Sussin' Saudi

Trip Start Jun 03, 2010
Trip End May 28, 2011

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Flag of Saudi Arabia  , Ash Sharqīyah,
Thursday, December 30, 2010

So, Saudi Arabia... sand and camels and Bedouins in caravans… Not!

Our two hour caravan journey from Jordan was on board a Royal Jordanian Embraer jet, our "caravanserai" was the huge, modern and bright Dammam International Airport, and our transport on the two hour trip to Udhailiyah was a Toyota Camry private taxi racing 140 km/h on a six lane divided highway.

It was dark by the time we left the airport, so there could well have been some sand and camels to see, but all we could see once we left the confusing road network around Dammam was the occasional brightly lit oil plant and flaring chimneys.

The infrastructure: The airport was huge for the small number of flights and passengers. Customs and immigration were quick, efficient and friendly. It had all the “modcons” such as coffee shops, ATMs, currency exchange offices. The road network around Dammam was surprisingly large, complex and busy, and as we headed out of town we were surprised to find ourselves on a six lane freeway for most of the way. There was a lot of truck traffic carrying various items of construction equipment and supplies.

The people: Having been in the middle east now for more than two months, the people on the airplane and the airport did not seem to be anything too special, just more extreme. Men in such public places outnumber women at least 20 to 1. About half of the men on the plane and at the airport were wearing thobes and gutra (robes and head gear), the rest wore western clothes. Virtually every woman wears the abaya (long robe), and maybe one in five were wearing the burka (face covering). Interestingly, a young woman in the airplane seat next to Michelle had a baby and was breastfeeding…so, fully covered face but no problem with popping out the boob to feed the baby. Neither Pat nor Michelle wore either an abaya or a scarf, and did not seem to draw unwarranted attention. I did see one other middle eastern looking woman in western clothes.

The compound: Entering Udhailiyah in the dark evening was a bit surreal… all of the lights and flames from the nearby oil plants, and then the gauntlet of security checkpoints into the town. The first was a “police” station with guards in full military rig… helmet, camouflage fatigues, machine guns. We got through that one no problem, and then got to the Aramco security checkpoint. The guards there were a little more laid back and friendly, but we did have to stop and get our visitor papers… a very friendly security guy did the arrangements, fed us dates, and invited us to come to his farm while we are here.

Next stop was a similar checkpoint as we entered the “family compound”.

The residential area: It is the morning as I write this, so we can see the neighbourhood a bit. If you have ever been to Palm Springs, then you don't have to come to Udhailiyah. The housing units are all sand coloured two story semi-detached condos, with big American SUVs, sedans and golf carts parked in the driveways. The roads are paved and have curbs and sidewalks, there are good sized palm trees and some kind of grassy lawns. At this time of year the weather is like an early summer day in BC, but of course it gets unbearably hot for much of the year. It does seem very quiet around here as many families are still on holidays. We don’t have a sense of how big the place is yet… we are hoping to borrow bicycles to have a good look around.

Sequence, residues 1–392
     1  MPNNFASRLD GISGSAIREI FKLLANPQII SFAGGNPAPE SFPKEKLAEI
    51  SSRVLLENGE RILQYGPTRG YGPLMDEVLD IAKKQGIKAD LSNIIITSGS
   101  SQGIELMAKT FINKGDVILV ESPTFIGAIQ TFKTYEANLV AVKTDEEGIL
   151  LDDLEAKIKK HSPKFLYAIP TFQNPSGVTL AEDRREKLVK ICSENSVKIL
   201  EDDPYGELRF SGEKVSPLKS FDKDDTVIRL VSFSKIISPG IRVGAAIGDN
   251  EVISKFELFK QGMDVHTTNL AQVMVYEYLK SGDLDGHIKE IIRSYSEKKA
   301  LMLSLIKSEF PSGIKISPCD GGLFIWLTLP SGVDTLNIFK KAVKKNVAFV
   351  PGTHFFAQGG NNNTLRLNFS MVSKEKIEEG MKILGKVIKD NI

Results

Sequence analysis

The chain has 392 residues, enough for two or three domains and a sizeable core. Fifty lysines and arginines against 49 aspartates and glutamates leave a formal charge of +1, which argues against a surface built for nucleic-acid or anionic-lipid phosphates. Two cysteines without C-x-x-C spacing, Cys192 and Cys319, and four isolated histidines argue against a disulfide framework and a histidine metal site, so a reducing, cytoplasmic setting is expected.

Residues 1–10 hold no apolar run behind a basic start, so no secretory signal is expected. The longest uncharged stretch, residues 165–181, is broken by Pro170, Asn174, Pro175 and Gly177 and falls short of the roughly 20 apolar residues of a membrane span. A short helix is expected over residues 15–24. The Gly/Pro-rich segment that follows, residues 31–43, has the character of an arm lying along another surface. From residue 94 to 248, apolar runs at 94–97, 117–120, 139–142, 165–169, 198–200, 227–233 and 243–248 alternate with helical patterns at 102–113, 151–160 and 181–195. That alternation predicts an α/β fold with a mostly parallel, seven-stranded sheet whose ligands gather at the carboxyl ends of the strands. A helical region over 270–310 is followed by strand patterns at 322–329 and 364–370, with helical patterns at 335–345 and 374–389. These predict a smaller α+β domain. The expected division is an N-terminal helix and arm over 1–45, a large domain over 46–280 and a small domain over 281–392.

OK, we’ve been around a bit now. It really seems a bit bizarre to me… a bit like a one of those Disney towns… quiet tree-lined streets with SUVs and golf carts in the driveways, birds chirping, a few crews of Arab and Philippino gardeners and maintainance workers, a garbage truck doing its rounds, an occasional bus cruising through with nobody on it, but very few people on the streets. We have been out and about with the golf cart taking the kids to some of their friends’ houses and have driven past the empty parks and playgrounds, rec centres and tennis courts, the golf course, a petrol station, a medical/dental clinic, huge administration building, utilities plants and the little shopping mall. We have run into a dozen or so of the westerners here… parents of the kids friends, friends of J and M, and some of the teachers. Lovely folks, but again, a snapshot of little America with typically American toys and pets. We had a fun evening at the home of a couple from Maryland last night, and there are campfire evenings tonight and tomorrow (New Years) with more American families. It is an interesting experience, and we are enjoying it but it sure ain’t the Middle East experience we have been enjoying in Syria and Jordan. That said, apparently there are real Arab towns and farms not far from here which we should have the opportunity to explore… will let you know.

For you golfers out there I will attach some photos of the golf course. Again, it is rather surreal. The clubhouse is typical… a pro shop and café with wood hues and leather chairs, and shaded windows overlooking the first tee and 18th “green”. The catch is, the greens aren’t green, they are hard packed sand. Indeed, the whole 18 hole course is one big sand-trap. The fairways have been coloured black somehow… we didn’t venture out to see how…hopefully not oil! There really are sand-traps comprising little “pools” of softened sand, and the greens are all hard packed sand. The first tee was some kind of grass, but I think that most of other tees were packed sand. At 10 am this morning, despite it being a weekend and ideal weather (though windy), we didn’t see any indication of golfers. We’ll see if things look more lively after the holiday season.
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